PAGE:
Compared to their GLYR1 counterparts, most higher plant GLYR2s examined to date (cucurbit GLYR2Bs being the exception known) possess N-terminal extensions of varying lengths and are generally predicted to be localized to plastids rather than to mitochondria (or the cytosol) by various subcellular localization prediction programs (Supplementary Figures S1A,B). A mitochondrial-specific prediction program such as MitoProt (Claros, 1995) predicts mitochondrial localization for all three GLYR2s, whereas another, MitoFates (Fukasawa et al., 2015) predicts mitochondrial localization for rice GLYR2 only. However, DualPred, a program specific for dual targeting to mitochondria and plastids (Saravanan and Lakshmi, 2014), predicts that MdGLYR2 and OsGLYR2, but not AtGLYR2, localize to both organelles. Moreover, AtGLYR2 is annotated at the Arabidopsis subcellular proteome database [SUBAcon (Hooper et al., 2014)] to be localized to plastids; however, this latter conclusion was drawn solely from mass spectrometry studies involving isolated plastids (i.e., chloroplast), but not mitochondrial organellar fractions.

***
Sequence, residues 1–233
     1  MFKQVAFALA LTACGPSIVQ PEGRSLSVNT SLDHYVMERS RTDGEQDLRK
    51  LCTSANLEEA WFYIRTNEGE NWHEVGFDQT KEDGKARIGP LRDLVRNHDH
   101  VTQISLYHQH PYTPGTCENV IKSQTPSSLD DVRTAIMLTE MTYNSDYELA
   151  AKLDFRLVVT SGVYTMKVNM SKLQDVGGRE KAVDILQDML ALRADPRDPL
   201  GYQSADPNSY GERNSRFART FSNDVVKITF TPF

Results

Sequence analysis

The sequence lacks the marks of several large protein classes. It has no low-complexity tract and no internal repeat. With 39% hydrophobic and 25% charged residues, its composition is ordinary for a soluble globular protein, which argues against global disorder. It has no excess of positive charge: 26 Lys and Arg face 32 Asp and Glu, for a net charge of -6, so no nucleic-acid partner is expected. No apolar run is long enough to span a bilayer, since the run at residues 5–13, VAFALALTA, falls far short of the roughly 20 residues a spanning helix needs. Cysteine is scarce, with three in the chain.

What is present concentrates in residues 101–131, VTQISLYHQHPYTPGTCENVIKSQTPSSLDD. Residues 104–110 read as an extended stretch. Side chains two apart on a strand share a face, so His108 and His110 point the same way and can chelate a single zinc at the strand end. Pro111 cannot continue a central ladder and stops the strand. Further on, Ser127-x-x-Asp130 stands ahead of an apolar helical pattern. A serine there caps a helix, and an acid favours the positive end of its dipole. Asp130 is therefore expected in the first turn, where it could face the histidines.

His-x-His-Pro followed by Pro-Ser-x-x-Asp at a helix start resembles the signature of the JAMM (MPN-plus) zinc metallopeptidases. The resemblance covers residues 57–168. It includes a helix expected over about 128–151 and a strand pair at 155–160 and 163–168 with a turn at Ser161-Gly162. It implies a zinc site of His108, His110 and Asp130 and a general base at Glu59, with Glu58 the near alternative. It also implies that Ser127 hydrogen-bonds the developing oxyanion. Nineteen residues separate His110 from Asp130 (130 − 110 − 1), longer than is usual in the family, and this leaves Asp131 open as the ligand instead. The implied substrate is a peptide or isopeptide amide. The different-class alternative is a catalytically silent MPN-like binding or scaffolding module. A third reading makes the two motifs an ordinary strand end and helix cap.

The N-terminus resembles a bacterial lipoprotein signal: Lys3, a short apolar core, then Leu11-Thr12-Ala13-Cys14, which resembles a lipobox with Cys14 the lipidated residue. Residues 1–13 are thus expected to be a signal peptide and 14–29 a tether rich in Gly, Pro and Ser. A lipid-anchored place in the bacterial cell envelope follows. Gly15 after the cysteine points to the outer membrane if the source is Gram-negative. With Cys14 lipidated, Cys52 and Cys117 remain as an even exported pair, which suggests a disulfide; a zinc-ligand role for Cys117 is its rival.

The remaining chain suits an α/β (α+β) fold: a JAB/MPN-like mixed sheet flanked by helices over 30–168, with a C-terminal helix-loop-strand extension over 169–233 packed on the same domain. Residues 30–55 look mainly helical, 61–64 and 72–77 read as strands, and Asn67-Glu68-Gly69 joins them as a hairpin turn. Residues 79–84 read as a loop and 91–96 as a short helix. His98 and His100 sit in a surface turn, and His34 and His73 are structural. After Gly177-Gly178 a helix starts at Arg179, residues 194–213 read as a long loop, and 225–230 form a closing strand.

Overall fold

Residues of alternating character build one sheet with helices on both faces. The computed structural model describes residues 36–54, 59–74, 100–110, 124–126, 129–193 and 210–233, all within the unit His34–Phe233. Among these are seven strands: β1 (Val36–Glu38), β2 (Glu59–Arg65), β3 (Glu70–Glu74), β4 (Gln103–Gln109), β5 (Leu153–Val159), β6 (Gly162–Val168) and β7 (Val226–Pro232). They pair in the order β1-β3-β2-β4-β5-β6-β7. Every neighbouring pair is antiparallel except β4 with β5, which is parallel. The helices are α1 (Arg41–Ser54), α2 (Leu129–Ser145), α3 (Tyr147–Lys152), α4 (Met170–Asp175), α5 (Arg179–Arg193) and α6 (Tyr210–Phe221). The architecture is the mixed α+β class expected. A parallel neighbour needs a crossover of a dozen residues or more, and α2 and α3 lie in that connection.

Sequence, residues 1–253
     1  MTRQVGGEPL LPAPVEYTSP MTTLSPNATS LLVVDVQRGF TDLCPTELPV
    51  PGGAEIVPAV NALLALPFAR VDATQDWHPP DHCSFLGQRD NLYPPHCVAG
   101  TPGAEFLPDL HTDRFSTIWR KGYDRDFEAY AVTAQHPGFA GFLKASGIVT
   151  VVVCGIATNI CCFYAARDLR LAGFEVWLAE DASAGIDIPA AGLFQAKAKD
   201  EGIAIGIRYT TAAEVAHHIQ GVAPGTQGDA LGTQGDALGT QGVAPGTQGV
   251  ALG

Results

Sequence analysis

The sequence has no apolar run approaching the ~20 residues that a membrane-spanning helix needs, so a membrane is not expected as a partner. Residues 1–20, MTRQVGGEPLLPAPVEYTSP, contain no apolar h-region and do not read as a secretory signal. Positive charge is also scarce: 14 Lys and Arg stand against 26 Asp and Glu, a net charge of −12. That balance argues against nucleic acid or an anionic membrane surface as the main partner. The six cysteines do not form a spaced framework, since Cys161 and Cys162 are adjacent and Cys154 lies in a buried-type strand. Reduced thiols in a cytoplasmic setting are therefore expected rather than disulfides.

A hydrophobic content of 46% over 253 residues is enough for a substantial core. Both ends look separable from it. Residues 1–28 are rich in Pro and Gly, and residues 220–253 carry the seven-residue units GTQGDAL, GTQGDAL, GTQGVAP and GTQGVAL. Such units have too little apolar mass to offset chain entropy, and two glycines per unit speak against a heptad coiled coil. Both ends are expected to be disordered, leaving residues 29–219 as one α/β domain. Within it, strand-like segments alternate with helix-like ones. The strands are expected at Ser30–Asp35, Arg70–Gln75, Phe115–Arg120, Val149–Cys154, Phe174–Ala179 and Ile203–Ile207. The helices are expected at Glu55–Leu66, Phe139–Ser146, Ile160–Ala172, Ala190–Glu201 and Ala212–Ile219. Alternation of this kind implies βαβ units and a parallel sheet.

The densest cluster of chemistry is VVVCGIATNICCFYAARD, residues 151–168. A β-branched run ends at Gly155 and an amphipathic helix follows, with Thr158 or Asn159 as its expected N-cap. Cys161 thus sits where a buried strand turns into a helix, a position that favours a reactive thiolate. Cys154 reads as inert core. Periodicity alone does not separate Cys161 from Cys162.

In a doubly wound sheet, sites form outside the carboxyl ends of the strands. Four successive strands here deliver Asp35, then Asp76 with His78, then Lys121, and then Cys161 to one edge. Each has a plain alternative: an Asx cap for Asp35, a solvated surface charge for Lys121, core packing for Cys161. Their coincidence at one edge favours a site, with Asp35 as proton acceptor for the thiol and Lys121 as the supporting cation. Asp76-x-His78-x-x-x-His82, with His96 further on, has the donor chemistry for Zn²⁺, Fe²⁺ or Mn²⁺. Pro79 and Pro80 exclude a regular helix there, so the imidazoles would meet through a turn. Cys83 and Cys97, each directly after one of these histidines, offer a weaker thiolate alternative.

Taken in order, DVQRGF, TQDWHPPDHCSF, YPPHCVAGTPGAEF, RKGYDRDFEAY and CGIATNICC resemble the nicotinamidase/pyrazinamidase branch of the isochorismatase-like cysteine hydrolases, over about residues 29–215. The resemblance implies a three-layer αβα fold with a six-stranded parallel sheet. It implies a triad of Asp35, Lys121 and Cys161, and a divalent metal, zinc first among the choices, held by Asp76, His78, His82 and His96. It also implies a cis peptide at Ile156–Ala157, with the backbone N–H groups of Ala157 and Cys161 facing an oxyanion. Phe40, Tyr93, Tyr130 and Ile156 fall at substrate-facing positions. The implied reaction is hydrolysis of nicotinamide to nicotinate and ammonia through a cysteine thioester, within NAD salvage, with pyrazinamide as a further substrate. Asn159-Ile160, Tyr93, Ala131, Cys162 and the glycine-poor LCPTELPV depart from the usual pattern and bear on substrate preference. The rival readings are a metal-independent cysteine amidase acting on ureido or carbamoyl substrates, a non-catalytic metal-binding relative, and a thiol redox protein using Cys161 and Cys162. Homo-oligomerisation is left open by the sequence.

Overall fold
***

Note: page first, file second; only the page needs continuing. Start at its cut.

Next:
In order to begin to assess the subcellular localization of GLYRs in vivo, MdGLYR-GFP fusion proteins were transiently expressed and visualized via CLSM in tobacco suspension-cultured BY-2 cells, serving as a well-established model system for protein subcellular localization studies (Brandizzi et al., 2003). Similar to the abovementioned previous results for AtGLYR1 (Ching et al., 2012), MdGLYR1-GFP displayed diffuse localization throughout the cell, similar to co-expressed Cherry, a red fluorescent protein that served as a cytosolic marker protein (Shaner et al., 2004) (Figures 2A–D). By contrast, MdGLYR2-GFP localized to distinct globular-shaped structures, which co-localized with the co-expressed plastid marker fusion protein, consisting of the E2 subunit of the pyruvate dehydrogenase complex fused to Cherry (PDCpl-E2-Cherry) (Park et al., 2012) (Figures 2E–H), indicating that, similar to previous results for AtGLYR2 (Simpson et al., 2008), MdGLYR2 is localized to plastids. However, MdGLYR2-GFP in the majority (>70%) of BY-2 cells examined localized also to numerous small puncta that did not co-localize with co-expressed PDCpl-E2-Cherry (Figure 3A), but did co-localize with the endogenous mitochondrial protein, cytochrome oxidase subunit II (CoxII) (Figure 3B). Taken together, these data suggest that MdGLYR2-GFP is localized to both plastids and mitochondria in BY-2 cells. Similar results were observed for OsGLYR2-GFP (Figures 3C,D). These findings also prompted us to revisit the subcellular localization of AtGLYR2, which had not been assessed for mitochondrial localization in our previous study (Simpson et al., 2008). As shown in Figures 3E,F, AtGLYR2-GFP localized to both co-expressed PDCpl-E2-Cherry-containing plastids, as well as to endogenous CoxII-containing mitochondria.